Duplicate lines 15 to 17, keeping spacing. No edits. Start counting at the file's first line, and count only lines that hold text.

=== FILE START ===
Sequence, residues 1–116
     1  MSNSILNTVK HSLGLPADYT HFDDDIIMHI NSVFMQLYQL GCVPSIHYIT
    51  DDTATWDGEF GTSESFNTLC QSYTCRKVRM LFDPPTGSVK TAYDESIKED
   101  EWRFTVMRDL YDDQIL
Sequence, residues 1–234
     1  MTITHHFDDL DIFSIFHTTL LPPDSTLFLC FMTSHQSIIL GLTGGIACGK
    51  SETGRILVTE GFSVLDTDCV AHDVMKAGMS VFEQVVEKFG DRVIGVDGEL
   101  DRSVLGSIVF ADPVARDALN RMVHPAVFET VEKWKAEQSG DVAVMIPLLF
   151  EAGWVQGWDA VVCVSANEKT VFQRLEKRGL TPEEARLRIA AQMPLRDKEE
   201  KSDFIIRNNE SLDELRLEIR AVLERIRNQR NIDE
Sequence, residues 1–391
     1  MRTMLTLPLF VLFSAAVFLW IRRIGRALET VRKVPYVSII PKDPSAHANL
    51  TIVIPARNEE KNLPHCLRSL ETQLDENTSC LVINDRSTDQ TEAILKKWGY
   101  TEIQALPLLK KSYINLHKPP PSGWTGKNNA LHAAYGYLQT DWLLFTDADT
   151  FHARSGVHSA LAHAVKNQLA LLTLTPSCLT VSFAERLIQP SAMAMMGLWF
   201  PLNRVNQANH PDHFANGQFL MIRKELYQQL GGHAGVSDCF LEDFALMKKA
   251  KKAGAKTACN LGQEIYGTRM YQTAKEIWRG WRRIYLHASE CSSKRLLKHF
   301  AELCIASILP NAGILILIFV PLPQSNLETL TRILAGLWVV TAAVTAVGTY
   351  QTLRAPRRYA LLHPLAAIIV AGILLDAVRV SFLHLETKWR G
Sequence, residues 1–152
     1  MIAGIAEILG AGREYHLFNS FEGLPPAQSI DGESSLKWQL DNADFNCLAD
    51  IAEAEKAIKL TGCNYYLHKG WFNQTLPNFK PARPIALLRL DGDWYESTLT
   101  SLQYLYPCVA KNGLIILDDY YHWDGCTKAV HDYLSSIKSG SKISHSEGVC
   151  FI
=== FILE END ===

   151  FHARSGVHSA LAHAVKNQLA LLTLTPSCLT VSFAERLIQP SAMAMMGLWF
   201  PLNRVNQANH PDHFANGQFL MIRKELYQQL GGHAGVSDCF LEDFALMKKA
   251  KKAGAKTACN LGQEIYGTRM YQTAKEIWRG WRRIYLHASE CSSKRLLKHF